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Les MisÚrables - The Death of a Horse

1. M. Myriel

2. M. Myriel becomes M. Welcome

3. A Hard Bishopric for a Good Bishop

4. Works corresponding to Words

5. Monseigneur Bienvenu made his Cassocks last too long

6. Who guarded his House for him

7. Cravatte

8. Philosophy after Drinking

9. The Brother as depicted by the Sister

10. The Bishop in the Presence of an Unknown Light

11. A Restriction

12. The Solitude of Monseigneur Welcome

13. What he believed

14. What he thought

15. The Evening of a Day of Walking

16. Prudence counselled to Wisdom

17. The Heroism of Passive Obedience

18. Details concerning the Cheese-Dairies of Pontarlier

19. Tranquillity

20. Jean Valjean

21. The Interior of Despair

22. Billows and Shadows

23. New Troubles

24. The Man aroused

25. What he does

26. The Bishop works

27. Little Gervais

28. The Year 1817

29. A Double Quartette

30. Four and Four

31. Tholomyes is so Merry that he sings a Spanish Ditty

32. At Bombardas

33. A Chapter in which they adore Each Other

34. The Wisdom of Tholomyes

35. The Death of a Horse

36. A Merry End to Mirth

37. One Mother meets Another Mother

38. First Sketch of Two Unprepossessing Figures

39. The Lark

40. The History of a Progress in Black Glass Trinkets

41. Madeleine

42. Sums deposited with Laffitte

43. M. Madeleine in Mourning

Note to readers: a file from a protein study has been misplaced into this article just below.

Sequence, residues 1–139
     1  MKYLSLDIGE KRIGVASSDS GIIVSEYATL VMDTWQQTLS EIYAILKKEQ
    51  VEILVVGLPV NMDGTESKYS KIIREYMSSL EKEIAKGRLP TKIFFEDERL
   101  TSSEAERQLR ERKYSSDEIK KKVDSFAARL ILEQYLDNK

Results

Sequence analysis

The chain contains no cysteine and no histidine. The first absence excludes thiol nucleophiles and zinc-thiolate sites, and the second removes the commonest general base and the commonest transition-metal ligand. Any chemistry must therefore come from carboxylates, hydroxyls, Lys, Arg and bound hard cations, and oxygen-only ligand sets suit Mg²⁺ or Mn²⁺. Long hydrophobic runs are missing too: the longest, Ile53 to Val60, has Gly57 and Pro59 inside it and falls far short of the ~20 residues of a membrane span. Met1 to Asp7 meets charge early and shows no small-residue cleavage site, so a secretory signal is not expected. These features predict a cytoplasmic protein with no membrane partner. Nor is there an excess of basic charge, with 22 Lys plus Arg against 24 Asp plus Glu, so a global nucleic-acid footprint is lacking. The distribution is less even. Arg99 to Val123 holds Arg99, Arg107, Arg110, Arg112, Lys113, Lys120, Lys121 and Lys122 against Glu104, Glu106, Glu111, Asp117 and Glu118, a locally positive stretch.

44. Vague Flashes on the Horizon

45. Father Fauchelevent

46. Fauchelevent becomes a Gardener in Paris

47. Madame Victurnien expends Thirty Francs on Morality

48. Madame Victurnien's Success

49. Result of the Success

50. Christus nos Liberavit

51. M. Bamatabois's Inactivity

52. The Solution of Some Questions connected with the Municipal Police

53. The Beginning of Repose

54. How Jean may become Champ

55. Sister Simplice

56. The Perspicacity of Master Scaufflaire

57. A Tempest in a Skull

58. Forms assumed by Suffering during Sleep

59. Hindrances

60. Sister Simplice put to the Proof

61. The Traveller on his Arrival takes Precautions for Departure

62. An Entrance by Favor

63. A Place where Convictions are in Process of Formation

64. The System of Denials

65. Champmathieu more and more Astonished

66. In what Mirror M. Madeleine contemplates his Hair

67. Fantine Happy

68. Javert Satisfied

69. Authority reasserts its Rights

70. A Suitable Tomb

71. What is met with on the Way from Nivelles

72. Hougomont

73. The Eighteenth of June, 1815

74. A

75. The Quid Obscurum of Battles

76. Four o'clock in the Afternoon

77. Napoleon in a Good Humor

78. The Emperor puts a Question to the Guide Lacoste

79. The Unexpected

80. The Plateau of Mont-Saint-Jean

81. A Bad Guide to Napoleon; a Good Guide to Bulow

82. The Guard

83. The Catastrophe

84. The Last Square

85. Cambronne

86. Quot Libras in Duce?

87. Is Waterloo to be considered Good?

88. A Recrudescence of Divine Right

89. The Battle-Field at Night

90. Number 24,601 becomes Number 9,430

91. In which the reader will peruse Two Verses which are of the Devil's Composition possibly

92. The Ankle-Chain must have undergone a Certain Preparatory Manipulation to be thus broken with a Blow from a Hammer

93. The Water Question at Montfermeil

94. Two Complete Portraits

95. Men must have Wine, and Horses must have Water

96. Entrance on the Scene of a Doll

97. The Little One All Alone

98. Which possibly proves Boulatruelle's Intelligence